Looking Beyond the Obvious - Troubleshooting RPC Errors

Looking Beyond the Obvious - Troubleshooting RPC Errors

Thought I'd share an interesting issue faced during the days when I was handling product support.

 

The client I was attending to reported that the monitoring tool was generating  RPC  errors  for most of the monitored servers. This was the error message he received:

 

Error # The  RPC  server is unavailable.

 

The interesting  fact was that the alerts were raised only at a  particular time of the day , between 3:00 AM to 3:30 AM. Things would come back to normal after 3:30AM.

 

Here are the typical  troubleshooting steps we'd follow when analyzing  RPC  errors:

 

1. Whether or not the device is  reachable.

2. Host name resolution(Reverse and forward  nslookup  should fetch same results).

3. Firewall configuration.

4.  WMI  security settings rolled out in the network.

 

After ruling out points 2-4 owing to proper  data collection  after 3:30AM, I  had a hunch that the issue could have something to do with the network environment. I checked for the Event Log messages on the  NMS  server next. There were a lot of event logs with the following message during that exact time window!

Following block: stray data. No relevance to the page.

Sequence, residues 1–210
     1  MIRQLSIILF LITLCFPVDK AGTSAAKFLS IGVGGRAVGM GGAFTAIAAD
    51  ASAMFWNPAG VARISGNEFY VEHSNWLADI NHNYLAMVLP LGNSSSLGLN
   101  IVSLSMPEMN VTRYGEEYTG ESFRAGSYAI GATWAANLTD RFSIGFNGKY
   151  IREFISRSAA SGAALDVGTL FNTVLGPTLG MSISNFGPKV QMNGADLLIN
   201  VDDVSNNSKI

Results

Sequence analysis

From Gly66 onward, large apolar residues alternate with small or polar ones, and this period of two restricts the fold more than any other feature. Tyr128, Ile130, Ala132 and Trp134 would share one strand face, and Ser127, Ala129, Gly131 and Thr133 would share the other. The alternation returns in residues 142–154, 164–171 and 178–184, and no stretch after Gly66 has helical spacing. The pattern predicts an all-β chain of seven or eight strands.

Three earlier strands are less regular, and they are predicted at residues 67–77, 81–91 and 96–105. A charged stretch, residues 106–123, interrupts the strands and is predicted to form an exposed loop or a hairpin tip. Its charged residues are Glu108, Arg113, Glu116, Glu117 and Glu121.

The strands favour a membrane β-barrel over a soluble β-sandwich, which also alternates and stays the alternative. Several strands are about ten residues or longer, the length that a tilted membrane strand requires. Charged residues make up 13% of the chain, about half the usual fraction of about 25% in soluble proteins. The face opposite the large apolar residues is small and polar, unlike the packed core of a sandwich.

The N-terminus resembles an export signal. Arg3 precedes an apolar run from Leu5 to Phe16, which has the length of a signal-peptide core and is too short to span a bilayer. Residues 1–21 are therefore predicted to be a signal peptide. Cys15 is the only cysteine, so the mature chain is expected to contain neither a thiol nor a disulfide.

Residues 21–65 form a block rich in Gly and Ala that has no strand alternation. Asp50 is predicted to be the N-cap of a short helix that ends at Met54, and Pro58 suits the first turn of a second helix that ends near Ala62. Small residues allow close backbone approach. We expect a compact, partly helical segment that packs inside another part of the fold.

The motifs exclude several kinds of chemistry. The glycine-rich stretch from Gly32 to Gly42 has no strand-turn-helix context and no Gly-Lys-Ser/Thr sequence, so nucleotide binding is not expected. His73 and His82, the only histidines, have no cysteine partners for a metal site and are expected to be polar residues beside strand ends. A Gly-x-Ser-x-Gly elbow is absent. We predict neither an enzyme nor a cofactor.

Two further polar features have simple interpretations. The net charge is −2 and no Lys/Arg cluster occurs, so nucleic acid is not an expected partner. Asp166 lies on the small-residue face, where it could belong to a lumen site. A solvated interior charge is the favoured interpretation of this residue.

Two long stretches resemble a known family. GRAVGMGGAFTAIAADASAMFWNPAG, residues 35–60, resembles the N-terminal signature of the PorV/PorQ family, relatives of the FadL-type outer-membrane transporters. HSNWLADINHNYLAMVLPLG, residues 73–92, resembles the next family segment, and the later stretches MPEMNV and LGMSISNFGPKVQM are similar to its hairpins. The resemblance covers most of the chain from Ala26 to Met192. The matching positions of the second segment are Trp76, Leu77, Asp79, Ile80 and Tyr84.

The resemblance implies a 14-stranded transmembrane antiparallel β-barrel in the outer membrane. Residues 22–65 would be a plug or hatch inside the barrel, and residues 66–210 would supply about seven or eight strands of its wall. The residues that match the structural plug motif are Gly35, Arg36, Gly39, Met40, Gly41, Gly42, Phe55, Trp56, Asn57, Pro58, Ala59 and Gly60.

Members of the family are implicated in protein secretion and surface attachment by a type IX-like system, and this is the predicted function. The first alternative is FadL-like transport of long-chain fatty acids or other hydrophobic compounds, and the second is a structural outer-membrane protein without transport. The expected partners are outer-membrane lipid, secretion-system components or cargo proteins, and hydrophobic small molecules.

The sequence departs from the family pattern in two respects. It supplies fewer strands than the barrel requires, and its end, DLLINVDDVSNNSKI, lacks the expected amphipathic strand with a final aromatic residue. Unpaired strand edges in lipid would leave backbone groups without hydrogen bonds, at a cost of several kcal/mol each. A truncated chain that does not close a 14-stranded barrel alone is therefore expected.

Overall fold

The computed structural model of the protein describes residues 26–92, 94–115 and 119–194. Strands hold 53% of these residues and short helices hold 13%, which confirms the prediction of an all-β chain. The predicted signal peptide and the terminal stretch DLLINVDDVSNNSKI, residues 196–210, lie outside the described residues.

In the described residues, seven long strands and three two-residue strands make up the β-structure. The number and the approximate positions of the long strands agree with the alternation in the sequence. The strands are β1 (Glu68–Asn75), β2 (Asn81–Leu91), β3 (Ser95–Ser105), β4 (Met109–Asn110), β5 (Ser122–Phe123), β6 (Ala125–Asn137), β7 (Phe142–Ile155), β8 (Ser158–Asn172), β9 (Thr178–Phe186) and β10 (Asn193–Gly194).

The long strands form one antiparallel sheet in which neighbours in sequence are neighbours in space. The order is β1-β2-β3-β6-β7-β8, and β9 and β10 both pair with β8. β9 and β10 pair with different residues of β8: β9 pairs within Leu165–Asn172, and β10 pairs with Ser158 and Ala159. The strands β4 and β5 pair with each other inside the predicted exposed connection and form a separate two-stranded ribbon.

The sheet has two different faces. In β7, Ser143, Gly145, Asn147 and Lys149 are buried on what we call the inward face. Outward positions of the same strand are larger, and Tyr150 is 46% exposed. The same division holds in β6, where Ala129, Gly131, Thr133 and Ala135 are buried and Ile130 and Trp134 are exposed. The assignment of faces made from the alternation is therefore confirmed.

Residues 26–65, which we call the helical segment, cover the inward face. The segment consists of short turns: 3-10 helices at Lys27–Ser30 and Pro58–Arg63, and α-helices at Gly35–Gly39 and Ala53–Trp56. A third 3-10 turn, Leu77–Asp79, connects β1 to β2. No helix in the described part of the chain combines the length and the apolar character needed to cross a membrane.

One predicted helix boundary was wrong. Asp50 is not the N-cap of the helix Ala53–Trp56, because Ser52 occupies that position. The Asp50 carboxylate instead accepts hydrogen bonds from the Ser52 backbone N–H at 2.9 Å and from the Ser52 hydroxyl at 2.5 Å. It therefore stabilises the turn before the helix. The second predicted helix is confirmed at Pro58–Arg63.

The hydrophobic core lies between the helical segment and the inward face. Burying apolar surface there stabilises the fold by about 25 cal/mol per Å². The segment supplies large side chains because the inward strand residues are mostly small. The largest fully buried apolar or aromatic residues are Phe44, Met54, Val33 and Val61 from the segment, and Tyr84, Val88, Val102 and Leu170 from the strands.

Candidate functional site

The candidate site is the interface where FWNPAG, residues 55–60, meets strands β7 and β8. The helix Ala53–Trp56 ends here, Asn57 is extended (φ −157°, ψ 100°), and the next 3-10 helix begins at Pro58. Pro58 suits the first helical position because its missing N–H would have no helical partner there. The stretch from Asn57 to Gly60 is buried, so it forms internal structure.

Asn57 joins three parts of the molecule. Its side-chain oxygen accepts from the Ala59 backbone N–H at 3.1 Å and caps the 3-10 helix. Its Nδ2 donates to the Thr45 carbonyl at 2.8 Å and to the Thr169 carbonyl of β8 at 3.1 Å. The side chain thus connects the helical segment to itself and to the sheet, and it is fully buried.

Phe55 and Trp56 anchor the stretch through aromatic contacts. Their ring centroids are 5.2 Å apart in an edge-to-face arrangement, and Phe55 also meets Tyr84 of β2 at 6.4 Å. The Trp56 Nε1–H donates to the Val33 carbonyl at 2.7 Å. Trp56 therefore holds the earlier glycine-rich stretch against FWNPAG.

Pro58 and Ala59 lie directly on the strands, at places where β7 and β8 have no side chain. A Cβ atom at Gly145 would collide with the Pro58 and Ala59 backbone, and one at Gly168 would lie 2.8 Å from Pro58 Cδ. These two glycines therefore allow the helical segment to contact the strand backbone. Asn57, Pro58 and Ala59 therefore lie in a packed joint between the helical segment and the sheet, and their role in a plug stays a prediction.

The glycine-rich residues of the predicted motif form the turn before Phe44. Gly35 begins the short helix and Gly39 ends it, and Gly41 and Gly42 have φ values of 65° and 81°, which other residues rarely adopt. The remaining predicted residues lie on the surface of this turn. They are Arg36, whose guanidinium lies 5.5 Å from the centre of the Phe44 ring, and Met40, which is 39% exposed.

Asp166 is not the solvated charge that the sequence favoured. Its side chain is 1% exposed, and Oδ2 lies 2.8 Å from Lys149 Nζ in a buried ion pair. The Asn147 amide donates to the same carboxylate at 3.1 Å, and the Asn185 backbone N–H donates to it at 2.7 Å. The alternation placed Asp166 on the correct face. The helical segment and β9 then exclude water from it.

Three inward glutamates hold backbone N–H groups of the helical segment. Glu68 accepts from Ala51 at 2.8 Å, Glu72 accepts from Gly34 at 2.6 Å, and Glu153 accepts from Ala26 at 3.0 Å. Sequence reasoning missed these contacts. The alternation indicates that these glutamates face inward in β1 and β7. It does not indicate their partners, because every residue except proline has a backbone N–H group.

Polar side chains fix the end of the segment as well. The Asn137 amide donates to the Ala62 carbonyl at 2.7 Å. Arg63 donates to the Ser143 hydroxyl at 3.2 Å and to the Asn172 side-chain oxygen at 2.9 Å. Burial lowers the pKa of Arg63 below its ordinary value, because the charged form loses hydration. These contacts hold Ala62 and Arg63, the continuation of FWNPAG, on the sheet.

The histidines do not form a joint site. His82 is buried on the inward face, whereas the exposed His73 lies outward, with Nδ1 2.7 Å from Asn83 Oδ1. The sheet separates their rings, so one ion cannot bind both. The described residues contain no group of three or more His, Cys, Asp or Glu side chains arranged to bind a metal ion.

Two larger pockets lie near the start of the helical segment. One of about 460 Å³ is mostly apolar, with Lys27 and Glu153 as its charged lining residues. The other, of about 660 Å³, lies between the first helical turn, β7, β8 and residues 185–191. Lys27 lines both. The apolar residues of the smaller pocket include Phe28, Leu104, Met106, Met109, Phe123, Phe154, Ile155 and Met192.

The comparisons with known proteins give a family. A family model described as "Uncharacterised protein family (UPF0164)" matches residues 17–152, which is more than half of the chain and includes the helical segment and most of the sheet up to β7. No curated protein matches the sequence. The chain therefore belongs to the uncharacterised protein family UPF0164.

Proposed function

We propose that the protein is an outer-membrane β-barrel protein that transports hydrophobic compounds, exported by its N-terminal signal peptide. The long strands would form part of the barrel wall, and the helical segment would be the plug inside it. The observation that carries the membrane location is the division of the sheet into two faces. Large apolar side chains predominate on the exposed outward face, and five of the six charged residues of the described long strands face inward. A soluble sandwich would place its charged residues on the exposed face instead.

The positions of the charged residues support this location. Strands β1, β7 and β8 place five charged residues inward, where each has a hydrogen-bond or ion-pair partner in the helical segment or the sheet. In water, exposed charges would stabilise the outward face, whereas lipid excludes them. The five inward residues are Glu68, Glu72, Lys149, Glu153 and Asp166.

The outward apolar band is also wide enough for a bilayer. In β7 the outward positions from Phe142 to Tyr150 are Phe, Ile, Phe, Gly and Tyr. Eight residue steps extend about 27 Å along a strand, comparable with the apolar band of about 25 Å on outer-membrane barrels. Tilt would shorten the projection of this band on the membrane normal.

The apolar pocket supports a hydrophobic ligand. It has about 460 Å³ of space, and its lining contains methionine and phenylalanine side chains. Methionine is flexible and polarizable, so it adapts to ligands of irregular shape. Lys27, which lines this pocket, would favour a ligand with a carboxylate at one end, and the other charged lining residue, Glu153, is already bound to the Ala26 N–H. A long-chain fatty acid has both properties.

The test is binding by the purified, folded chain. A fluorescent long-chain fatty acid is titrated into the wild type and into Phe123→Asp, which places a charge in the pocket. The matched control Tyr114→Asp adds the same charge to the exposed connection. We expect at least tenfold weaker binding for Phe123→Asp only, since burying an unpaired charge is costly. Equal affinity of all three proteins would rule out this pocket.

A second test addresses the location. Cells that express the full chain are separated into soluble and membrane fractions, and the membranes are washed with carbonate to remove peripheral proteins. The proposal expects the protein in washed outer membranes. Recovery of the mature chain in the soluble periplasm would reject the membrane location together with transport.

DCOM  was unable to communicate with the computer <Computer_ FQDN > using any of the configured protocols"

 

It was therefore obvious that the remote servers were not reachable from the  NMS  server. This was the reason for the alerts. Besides, the Application logs confirmed the same too.

 

As no recent changes were made to the servers, the cause was narrowed down to the network. Using  NetFlow  Analyzer, we were able to notice  a surge in traffic during that period and tracked the source to a Backup server.  Upon analysis, the client identified that a large backup job of an Exchange server was overloading the SAN and Switch. It resulted in significant drop of packets on the outbound queue of the switch which led us to this issue.

 

After discussing with the vendor, the client set the right  QoS  on his network and as expected, the alerts ceased :)

 

Hope you found this interesting. I'm sure you would have come across many such interesting and sometimes complex scenarios too. Go on and share your story too!

 

 

Regards,

Rameshkumar   Ramachandran